government.
o Creation of new jobs in energy efficiency and renewable energy sectors, e.g.,
construction, manufacturing, and services.
 Energy efficiency reduces the dependency on energy derived from power plants, thereby
eliminating the need to upgrade or build new power plants (translates to lower utility bills).

• Both

 Reduces total electricity


demand.
 Reduced carbon emissions
which significantly minimizes
negative environmental
externalities (contamination,
air quality, emissions which
contribute to extreme
weather patterns, adverse
health, etc.).
 Diversifies fuel/energy mix.
 Improved energy security.
An F-16 receives fuel from a KC-135R Stratotanker. USAF photo.
 Stimulates investments in
new energy technologies, including smart grids, transportation, plug-in hybrid installations,
distributed power generation and large-scale energy production.9

Conclusion

Continuing energy efficiency and fuel economy standards will boost innovation in sustainable technologies,
provide independent reliable energy, save consumers money, and save lives. It reduces the vulnerabilities
attributed to energy insecurity while providing resilience from disruptions. Protecting fuel economy standards
within U.S. energy policies will bring the country one step closer to obtaining these advantages.

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Endnotes

1. Office of the Assistant Secretary of Defense for Energy, Installations, and Environment. “Department of Defense Annual
Energy Management and Resilience Report (AEMRR) Fiscal Year 2017.” July 2018. https://www.acq.osd.mil/eie/Downloads/
IE/FY%202017%20AEMR.pdf p. 1 Accessed 3/4/2019.

2. U.S. Energy Information Administration. “Oil: Crude and Petroleum Products Explained.” September 28,2018. https://www.
eia.gov/energyexplained/index.php?page=oil_use Accessed 3/4/2019.

3. Office of the Assistant Secretary of Defense for Sustainment. “Operational Energy.” https://www.acq.osd.mil/eie/OE/OE_
index.html Accessed 3/4/2019.

4. CNA Military Advisory Board. “Advanced Energy and U.S. National Security.” June 2017. https://www.cna.org/CNA_files/
PDF/IRM-2017-U-015512.pdf p. 51 Accessed 3/4/2019.

5. Deputy Chief of Staff G-4, Juan A. Vitali, et al. “Study on the Use of Mobile Nuclear Power Plants for Ground Operations.”
October 26, 2018. https://apps.dtic.mil/dtic/tr/fulltext/u2/1064604.pdf Accessed 3/4/2019.

6. National Public Radio. “The Impact of War: Among the Costs of War: Billions A Year in A.C.?” June 25, 2011. https://www.
npr.org/2011/06/25/137414737/among-the-costs-of-war-20b-in-air-conditioning Accessed 3/4/2019.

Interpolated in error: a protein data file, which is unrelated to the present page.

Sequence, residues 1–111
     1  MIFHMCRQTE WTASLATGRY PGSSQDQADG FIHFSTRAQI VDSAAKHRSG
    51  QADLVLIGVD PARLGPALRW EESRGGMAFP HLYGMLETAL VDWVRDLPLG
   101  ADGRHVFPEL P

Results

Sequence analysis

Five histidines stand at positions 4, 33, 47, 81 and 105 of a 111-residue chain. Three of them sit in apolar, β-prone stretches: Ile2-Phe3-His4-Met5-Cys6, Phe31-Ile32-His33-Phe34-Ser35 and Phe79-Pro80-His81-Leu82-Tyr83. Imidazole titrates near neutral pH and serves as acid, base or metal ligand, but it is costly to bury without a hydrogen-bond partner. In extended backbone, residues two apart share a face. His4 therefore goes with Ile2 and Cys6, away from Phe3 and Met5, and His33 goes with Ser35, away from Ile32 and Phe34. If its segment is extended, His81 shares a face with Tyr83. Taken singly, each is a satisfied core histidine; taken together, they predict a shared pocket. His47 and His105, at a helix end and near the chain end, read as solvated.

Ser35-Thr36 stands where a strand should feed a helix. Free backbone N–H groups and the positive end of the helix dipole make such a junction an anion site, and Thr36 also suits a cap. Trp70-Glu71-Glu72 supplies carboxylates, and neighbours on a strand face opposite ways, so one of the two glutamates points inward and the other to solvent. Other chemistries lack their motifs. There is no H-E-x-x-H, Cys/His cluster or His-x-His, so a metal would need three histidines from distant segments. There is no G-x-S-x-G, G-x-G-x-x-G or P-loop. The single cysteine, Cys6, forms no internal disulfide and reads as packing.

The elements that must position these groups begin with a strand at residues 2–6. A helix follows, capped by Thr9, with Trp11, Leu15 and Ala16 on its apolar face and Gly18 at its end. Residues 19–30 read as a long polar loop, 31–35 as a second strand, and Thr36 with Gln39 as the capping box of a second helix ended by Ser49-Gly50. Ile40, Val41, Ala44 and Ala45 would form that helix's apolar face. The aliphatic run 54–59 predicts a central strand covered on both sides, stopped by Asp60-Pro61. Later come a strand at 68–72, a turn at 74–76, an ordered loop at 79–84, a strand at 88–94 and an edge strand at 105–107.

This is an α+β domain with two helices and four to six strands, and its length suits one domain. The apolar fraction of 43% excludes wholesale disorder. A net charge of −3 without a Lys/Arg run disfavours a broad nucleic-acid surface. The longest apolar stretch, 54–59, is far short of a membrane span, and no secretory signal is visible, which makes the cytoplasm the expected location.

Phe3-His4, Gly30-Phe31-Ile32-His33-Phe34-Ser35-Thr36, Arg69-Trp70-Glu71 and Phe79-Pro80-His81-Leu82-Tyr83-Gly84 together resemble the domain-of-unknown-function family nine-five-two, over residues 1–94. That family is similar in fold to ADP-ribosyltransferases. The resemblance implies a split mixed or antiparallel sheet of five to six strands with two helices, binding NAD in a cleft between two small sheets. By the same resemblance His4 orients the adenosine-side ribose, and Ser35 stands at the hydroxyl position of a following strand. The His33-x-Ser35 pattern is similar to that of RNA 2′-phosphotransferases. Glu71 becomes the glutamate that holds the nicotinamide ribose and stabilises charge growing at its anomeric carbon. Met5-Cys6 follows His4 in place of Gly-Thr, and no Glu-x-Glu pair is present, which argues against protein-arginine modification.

7. CNA. “Powering America’s Defense: Energy and the Risks to National Security.” May 2009. https://www.cna.org/cna_files/pdf/
MAB_2-FINAL.pdf p. 14 Accessed 3/4/2019.

8. U.S. Environmental Protection Agency. “The Multiple Benefits of Energy Efficiency and Renewable Energy.” https://www.epa.
gov/sites/production/files/2018-07/documents/mbg_1_multiplebenefits.pdf Accessed 3/4/2019.

9. CNA. “Powering America’s Defense: Energy and the Risks to National Security.” May 2009. https://www.cna.org/cna_files/pdf/
MAB_2-FINAL.pdf p. 27 Accessed 3/4/2019.

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The American Security Project (ASP) is a nonpartisan
organization created to educate the American public and the
world about the changing nature of national security in the 21st
Century.
Gone are the days when a nation’s security could be measured
by bombers and battleships. Security in this new era requires
harnessing all of America’s strengths: the force of our diplomacy;
the might of our military; the vigor and competitiveness of our
economy; and the power of our ideals.
We believe that America must lead in the pursuit of our common
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and address emerging problems before they become security
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We live in a time when the threats to our security are as complex
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bickering and age old solutions simply won’t solve our problems.
America – and the world - needs an honest dialogue about
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ASP exists to promote that dialogue, to forge that consensus, and
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to its security while seizing the opportunities that abound.